global image of the multi-billion dollar soccer industry is one of
professionalism and commercialization. Yet the game retains a
rebellious side, maybe more so than any other sport co-opted by
money-makers and corrupt politicians. From its roots in working-class
England to political protests by players and fans, and a current
radical soccer underground, the notion of football as the “people’s
game” has been kept alive. This book not only traces this history,
but also reflects on common criticisms: that soccer ferments
nationalism, serves right-wing powers, and fosters competitiveness.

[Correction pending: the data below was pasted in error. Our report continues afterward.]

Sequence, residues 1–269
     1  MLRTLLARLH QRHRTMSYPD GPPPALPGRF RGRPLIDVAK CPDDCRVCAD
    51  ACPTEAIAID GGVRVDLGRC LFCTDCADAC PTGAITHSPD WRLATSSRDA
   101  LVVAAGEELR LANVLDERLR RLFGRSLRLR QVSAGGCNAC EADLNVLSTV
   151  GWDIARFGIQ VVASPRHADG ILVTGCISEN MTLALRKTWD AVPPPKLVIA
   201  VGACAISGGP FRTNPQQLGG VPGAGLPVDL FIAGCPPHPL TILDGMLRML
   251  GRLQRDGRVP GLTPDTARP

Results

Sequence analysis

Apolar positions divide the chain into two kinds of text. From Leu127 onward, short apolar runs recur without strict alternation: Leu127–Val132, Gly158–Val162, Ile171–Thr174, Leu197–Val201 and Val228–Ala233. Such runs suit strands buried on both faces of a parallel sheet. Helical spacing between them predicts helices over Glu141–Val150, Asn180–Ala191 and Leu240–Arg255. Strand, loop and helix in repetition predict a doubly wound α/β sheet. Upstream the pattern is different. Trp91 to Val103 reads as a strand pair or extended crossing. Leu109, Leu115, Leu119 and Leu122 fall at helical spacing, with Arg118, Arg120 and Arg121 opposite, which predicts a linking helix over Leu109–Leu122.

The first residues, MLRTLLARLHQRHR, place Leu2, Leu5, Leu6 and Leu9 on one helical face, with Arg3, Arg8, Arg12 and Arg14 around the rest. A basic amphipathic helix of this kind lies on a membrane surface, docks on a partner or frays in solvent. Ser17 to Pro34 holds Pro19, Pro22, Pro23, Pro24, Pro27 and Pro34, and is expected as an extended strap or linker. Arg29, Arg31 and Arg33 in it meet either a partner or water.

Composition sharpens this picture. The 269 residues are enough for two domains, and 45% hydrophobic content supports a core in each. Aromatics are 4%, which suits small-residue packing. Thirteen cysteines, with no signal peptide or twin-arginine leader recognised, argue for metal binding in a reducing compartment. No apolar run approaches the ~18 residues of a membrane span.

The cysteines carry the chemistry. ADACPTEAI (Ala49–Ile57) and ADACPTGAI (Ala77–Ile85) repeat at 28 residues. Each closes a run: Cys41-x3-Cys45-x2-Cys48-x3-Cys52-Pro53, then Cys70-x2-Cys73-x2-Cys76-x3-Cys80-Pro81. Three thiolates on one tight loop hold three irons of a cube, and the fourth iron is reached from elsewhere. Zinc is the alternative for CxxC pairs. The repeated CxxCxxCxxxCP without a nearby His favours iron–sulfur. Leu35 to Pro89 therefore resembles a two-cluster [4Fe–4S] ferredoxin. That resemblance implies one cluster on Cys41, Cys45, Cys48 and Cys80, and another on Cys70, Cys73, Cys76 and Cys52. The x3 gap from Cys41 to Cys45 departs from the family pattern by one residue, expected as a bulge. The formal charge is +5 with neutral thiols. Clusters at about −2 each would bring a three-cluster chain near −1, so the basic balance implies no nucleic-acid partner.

Soccer vs. the State serves both as an orientation for the
politically conscious football supporter and an inspiration for those
who wish to return the game played on televisions and in stadiums to
alleyways and muddy pastures.This second edition has been expanded to
cover events of recent years, including the involvement of soccer
fans in the Middle Eastern uprisings of 2011–2013, the FIFA scandal
of 2015, and the 2017 strike by the Danish women’s team.